More than two million people in the U.S. are incarcerated. Right now more black men are under correctional control than were enslaved in 1850. As the scholars and activists in Ava Duvernay’s powerful documentary 13th remind us, mass incarceration is an unfair and ongoing assault on communities of color, exploiting already ravaged resources, crushing opportunity and threatening democracy.
It’s just one of the ways the private sector and the idolization of capitalism have deepened racial injustice. Using the seemingly race-neutral label “criminal”, we have justified the exploitation of people of color and their subsequent exclusion from economic life.
We will examine the commercialization of U.S. prisons as a symptom of this racist system. Through lobbying, campaign financing, and association funding, corporations engaged directly in the penal industry thwart criminal law reform and expand their own reach, redistributing resources from the poor and black and brown to the wealthy and white. Corporations outside the industry compound the impact of such wealth redistribution by barring those with criminal backgrounds from the job market. And though such decisions work against their corporate interests, violating their fiduciary responsibilities, they ultimately serve the broader goal of excluding black and brown people from the economy and reinforcing the inequality in our power structures.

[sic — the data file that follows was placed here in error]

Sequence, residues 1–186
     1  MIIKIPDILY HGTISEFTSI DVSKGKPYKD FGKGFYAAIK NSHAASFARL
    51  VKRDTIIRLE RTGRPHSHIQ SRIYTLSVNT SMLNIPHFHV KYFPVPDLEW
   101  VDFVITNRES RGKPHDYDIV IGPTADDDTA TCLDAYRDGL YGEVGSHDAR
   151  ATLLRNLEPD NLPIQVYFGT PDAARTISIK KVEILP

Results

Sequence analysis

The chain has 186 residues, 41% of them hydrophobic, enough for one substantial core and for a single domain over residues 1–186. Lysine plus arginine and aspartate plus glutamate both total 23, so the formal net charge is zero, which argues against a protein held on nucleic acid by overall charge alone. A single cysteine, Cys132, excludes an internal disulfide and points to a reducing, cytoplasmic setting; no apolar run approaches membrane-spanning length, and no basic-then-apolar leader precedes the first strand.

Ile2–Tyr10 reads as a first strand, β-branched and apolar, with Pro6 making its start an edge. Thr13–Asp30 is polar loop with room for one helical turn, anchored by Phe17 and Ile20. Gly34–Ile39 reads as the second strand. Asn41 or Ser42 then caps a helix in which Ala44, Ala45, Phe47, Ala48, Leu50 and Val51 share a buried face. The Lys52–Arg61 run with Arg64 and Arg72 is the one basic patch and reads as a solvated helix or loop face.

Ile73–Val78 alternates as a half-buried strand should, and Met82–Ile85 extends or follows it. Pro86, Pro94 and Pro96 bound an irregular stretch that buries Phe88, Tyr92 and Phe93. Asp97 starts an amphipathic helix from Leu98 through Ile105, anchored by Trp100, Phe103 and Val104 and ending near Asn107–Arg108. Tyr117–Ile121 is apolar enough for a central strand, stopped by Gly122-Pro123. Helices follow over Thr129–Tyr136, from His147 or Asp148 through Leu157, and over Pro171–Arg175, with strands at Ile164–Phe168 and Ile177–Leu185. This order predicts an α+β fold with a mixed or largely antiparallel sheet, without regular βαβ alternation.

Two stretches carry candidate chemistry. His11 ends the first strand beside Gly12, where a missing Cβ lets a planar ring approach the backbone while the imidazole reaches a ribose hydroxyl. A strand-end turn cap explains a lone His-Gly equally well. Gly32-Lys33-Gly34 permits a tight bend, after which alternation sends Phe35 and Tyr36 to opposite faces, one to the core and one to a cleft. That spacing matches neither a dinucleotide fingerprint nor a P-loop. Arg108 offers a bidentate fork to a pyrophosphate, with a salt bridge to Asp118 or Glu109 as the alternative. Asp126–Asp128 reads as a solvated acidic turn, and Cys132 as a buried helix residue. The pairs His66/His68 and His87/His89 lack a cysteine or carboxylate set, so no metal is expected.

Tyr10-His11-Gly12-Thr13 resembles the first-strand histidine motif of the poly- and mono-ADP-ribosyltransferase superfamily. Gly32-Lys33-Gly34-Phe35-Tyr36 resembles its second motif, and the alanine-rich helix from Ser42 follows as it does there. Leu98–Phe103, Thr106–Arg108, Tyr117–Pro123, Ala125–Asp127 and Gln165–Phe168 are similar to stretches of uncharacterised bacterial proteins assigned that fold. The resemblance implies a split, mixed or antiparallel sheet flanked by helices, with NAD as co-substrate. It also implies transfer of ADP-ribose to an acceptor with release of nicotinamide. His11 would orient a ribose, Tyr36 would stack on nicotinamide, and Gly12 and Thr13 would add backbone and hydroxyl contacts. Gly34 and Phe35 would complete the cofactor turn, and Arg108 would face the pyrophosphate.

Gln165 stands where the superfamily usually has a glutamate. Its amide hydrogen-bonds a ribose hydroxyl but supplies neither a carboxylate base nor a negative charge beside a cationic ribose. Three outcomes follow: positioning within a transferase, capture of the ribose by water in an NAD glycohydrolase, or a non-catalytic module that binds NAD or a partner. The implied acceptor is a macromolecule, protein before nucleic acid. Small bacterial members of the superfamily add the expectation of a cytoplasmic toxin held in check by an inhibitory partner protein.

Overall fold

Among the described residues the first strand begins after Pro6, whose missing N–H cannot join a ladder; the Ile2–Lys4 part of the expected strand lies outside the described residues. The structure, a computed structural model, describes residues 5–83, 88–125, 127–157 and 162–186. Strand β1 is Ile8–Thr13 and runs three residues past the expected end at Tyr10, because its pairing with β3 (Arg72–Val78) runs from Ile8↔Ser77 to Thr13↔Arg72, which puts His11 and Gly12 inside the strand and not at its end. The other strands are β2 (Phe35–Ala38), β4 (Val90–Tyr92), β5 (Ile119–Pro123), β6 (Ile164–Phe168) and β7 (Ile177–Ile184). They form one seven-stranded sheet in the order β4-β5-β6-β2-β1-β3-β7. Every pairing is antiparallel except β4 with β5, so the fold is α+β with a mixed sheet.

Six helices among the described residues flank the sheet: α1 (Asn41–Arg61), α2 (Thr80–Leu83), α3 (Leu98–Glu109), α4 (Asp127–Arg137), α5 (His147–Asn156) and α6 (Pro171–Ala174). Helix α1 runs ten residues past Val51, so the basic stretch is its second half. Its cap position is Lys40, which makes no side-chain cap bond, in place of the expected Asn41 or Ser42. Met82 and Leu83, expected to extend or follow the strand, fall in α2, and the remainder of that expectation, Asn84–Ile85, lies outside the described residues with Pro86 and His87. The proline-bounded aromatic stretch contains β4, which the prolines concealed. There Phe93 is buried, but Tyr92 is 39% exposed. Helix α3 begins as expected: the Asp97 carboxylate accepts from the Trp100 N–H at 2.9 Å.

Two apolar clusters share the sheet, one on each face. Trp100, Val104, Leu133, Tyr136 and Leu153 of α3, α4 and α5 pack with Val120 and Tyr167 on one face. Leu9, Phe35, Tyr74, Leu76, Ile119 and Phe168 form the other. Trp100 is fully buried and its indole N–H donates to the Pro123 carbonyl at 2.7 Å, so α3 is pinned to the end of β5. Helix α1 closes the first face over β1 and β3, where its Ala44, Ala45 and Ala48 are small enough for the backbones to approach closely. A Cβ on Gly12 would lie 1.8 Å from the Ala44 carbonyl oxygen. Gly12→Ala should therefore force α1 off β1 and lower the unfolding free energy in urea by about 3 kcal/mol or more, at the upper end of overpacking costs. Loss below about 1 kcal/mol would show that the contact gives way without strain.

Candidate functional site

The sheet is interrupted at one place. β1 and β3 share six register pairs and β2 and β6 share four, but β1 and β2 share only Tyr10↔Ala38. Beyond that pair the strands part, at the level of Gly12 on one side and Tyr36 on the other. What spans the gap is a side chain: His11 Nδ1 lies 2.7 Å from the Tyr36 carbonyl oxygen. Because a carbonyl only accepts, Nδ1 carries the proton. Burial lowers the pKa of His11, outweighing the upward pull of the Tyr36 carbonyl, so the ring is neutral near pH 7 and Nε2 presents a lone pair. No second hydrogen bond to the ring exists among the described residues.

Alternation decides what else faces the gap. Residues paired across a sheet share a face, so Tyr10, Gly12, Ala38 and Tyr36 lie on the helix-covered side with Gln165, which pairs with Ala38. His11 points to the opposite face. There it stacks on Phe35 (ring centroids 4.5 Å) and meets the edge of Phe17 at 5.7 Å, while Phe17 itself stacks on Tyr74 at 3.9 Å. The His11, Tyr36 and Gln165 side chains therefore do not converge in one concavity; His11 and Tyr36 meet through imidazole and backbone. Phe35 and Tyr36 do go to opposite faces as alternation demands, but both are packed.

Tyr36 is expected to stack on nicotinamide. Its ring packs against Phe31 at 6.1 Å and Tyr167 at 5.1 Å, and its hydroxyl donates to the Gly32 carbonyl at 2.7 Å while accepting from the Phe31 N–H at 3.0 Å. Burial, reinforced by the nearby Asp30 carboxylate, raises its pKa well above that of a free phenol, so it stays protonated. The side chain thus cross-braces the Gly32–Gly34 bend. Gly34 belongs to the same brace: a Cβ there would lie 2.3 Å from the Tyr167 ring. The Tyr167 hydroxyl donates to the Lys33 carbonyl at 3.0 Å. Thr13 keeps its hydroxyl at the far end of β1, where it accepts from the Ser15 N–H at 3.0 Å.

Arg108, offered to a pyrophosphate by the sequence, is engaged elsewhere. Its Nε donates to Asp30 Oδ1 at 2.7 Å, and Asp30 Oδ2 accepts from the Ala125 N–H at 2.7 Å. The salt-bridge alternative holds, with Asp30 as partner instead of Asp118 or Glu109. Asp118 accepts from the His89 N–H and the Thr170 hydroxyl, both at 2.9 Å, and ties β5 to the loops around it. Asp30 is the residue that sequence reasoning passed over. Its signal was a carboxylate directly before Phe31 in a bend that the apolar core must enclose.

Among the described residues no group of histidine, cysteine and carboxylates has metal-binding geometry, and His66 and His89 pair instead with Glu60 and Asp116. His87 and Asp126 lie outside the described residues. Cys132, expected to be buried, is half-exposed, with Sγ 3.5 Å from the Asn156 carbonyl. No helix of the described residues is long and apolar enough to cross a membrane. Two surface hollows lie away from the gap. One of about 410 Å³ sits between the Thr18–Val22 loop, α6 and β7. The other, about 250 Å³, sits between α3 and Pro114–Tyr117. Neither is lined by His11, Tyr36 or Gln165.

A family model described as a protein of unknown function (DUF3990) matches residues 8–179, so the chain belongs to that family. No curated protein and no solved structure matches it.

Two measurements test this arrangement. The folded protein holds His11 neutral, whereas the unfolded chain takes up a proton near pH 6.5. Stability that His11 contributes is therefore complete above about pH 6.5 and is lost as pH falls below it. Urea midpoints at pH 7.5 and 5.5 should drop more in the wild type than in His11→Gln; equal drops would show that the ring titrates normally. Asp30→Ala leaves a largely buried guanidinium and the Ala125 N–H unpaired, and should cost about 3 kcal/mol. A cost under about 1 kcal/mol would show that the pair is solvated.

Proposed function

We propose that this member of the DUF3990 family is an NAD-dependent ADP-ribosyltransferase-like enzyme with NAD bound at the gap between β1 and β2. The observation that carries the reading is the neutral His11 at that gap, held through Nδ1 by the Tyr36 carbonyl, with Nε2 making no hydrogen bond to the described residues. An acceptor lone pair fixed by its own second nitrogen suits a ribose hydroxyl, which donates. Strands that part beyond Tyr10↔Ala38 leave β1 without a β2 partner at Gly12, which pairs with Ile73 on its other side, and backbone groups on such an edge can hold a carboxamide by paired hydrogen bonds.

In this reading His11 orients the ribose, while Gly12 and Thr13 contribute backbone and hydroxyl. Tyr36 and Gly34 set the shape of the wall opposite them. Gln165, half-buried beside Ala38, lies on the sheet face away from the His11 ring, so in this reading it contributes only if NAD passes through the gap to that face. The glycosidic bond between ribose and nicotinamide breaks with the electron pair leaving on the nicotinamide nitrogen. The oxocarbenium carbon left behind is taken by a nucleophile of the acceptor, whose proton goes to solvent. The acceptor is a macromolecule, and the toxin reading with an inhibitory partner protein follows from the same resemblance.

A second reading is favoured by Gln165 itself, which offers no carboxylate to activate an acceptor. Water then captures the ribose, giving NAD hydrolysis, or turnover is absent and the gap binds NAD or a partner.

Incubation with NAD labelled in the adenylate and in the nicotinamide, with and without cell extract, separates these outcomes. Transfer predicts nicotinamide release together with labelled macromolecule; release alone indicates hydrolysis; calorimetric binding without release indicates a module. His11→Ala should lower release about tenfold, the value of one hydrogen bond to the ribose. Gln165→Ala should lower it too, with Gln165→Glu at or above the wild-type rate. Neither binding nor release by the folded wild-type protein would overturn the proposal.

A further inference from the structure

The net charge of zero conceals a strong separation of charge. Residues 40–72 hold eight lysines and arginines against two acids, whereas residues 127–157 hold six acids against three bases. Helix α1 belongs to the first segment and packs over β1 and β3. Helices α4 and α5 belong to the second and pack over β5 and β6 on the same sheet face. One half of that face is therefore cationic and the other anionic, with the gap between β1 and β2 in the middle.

At the beginning of a divisive law-and-order administration, investors must help solve the U.S. carceral crisis. Our Director, Bianca Tylek, joins Pat Tomaino, Associate Director of Socially Responsible Investing at the Zevin Asset Management, to lead a workshop on the role of wealth in our carceral crisis. Our workshop will undertake a race- and power-centric analysis of the role of private capital in mass incarceration. Participants will examine how inherited privilege, power, and access support mass incarceration and consider unique ways in which wealthy folks can help support solutions. We will brainstorm avenues of impact that include partnering with directly-impacted communities, funding radical advocacy, and investing in change.
And we’ll start with the first step: stop doing harm. Most wealthy folks are invested in the prison-industrial complex. Young people stepping into authority have a responsibility to ask: How can we use our money to move the economy away from incarceration?